To be a success one must have found one’s calling, and this calling must coexist in joyful harmony with one’s personal life. Ivana Kalvacheva is just such a success, her photographs offering light-hearted banter that brings a smile to the faces of viewers on the grimmest of days.
In 2001 Ivana left for USA with her husband. She then moved to Paris where she lives to this day. She started life abroad from scratch. And it taught her many things, among which:
“That there is no one you can rely on except yourself and your nearest and dearest and that no problem is too big to solve.”
Ivana was curious to see the world, but to her, Bulgaria is her youth, her childhood and she always finds pleasure in returning home. She says the country is changing for the better, albeit slowly, but that there is still much room for improvement.
“I can see that cultural life is developing. There are many concerts, plays… But what I am not seeing is respect for the institutions, tolerance of others who are different, even though we are open to the world and are part of the European community. In USA, in Paris (I dare not talk of the whole of France) there are all kinds of cultures and I am accustomed to that, I don’t even notice it. Here in Bulgaria, I see people who have a negative attitude to people who are different. Of course, not all people, because there are many Bulgarians who are cosmopolitan.”
Ivana has found her own recipe of adapting when moving to a different country:
“Coming to Bulgaria, or going to USA, or France, I live my life as if I have never lived anywhere else. I enter the new environment and do my best to only see the good things. That is my self-preservation mode, because I am really a very nostalgic person.”
A sense of humour, irony, a different way of looking at things – these are the things that help us cope with problems better, preventing us from creating problems all our own. Humour and irony and a different angle – these are the things that make Ivana’s photographs so unique and so captivating. In Bulgaria, she has worked as a model, she adores the stage and the spotlight, she loves working in front of a camera. But she came to discover that working behind the camera is just as fascinating. She took up the camera some 20 years ago and has never put it down. There is much of the stage in her photographs, though, as she admits: “It is a chance encounter with my subjects. As I am walking along, something catches my eye, so I take a photograph.” But also:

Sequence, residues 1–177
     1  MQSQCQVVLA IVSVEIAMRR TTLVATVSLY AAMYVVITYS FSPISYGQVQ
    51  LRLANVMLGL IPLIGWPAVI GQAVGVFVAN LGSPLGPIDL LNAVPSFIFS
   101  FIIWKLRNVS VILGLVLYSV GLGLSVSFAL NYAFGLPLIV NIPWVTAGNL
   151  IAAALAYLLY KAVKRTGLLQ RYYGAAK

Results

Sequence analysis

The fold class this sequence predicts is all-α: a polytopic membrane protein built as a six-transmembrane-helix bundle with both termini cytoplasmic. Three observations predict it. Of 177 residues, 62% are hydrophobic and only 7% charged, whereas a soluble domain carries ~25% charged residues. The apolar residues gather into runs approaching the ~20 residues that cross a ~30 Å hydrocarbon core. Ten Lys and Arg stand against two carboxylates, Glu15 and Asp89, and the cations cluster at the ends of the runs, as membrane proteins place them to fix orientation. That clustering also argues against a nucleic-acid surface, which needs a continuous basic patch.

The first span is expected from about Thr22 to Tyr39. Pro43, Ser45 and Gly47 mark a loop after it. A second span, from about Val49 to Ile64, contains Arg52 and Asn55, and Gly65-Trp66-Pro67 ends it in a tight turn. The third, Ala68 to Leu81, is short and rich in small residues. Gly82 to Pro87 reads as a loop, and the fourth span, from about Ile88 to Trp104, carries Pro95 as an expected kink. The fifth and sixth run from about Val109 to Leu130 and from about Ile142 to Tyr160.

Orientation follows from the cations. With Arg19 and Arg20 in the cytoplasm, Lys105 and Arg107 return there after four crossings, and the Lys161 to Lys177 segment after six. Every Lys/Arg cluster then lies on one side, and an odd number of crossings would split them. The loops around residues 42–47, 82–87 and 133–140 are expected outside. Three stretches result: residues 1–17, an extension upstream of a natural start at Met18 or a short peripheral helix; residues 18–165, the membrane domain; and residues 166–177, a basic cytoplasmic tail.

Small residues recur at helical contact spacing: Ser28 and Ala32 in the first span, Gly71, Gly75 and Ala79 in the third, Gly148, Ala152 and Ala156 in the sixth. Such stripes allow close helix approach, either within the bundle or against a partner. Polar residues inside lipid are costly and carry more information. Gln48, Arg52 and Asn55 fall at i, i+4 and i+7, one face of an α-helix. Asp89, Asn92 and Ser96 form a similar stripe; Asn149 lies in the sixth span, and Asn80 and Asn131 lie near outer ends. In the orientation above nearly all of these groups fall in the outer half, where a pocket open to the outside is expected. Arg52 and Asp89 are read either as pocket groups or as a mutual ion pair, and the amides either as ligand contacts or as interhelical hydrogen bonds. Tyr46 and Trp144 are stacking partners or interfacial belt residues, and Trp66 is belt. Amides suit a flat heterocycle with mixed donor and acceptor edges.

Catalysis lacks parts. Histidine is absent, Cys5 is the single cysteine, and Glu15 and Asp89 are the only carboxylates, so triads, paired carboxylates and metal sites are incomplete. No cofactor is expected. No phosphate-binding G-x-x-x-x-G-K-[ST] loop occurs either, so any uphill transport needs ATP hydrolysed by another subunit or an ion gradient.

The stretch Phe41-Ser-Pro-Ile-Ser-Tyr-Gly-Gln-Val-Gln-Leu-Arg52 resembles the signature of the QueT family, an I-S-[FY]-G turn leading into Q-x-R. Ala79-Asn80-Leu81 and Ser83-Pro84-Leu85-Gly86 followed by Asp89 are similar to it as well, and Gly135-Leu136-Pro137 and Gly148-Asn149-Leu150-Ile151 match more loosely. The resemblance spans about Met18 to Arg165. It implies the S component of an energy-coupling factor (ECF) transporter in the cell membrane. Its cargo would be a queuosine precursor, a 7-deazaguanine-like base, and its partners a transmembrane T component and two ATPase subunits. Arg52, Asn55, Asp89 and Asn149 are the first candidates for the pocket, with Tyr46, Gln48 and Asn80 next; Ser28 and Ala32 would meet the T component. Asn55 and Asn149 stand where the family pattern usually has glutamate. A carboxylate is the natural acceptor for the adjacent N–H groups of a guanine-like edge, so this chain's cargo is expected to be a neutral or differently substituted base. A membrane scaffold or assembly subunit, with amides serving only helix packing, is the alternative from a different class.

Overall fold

“I never go into all the technical intricacies of photography. It is more like documenting the things I see. The message I want to convey is that we should take note of details. I have had friends, who have been living in Paris for dozens of years, come up and ask me: Where did you find that? And I say: Right here, in the neighbourhood. We live our lives so fast, and are so immersed in our own problems, that we don’t see the things happening all around – the details, the beauty. You get up in the morning, you are sad, or cold. And all of a sudden you see, for example, a building that may not seem like anything much, but it is lit from a given angle. These are small things that can take us to a different level, above our everyday problems.”
Sometimes Ivana steps over the bounds of photography, and that is when her photographs bring forth short, provocative stories which she puts down in ten lines or so, and posts to her blog.
“I have always been interested in people. In the bus, or in the lights of the windows I see what is happening in different apartments. I imagine the things that have been happening between these people, the lives they lead. The stories emerge when I review some of the photographs I have taken. I sit down and think how the situation I have caught on camera could develop. For example – a photograph of a shop window with three child-mannequins. One of them is missing a head, but has arms, another one doesn’t have arms, the third one has everything in its place. I have no idea why they have displayed them in such a way. But ultimately I am not judging the window-dresser, but I do see the humour of it. Just imagine if babies were born that way – first the body, then we wait for the head to form, then the arms, the legs… So here, one of the children is fully formed, it is bored of waiting for the heads of the other two to form so as to have someone to talk to.”
With this gallery of photographs by Ivana Kalvacheva we hope to bring a smile to your faces and to remind you to take note of details because it is often the most unexpected things, coupled with a sense of humour, that can unravel the most tangled of situations in life!
English version: Milena DaynovaPhotos: courtesy of Ivana Kalvacheva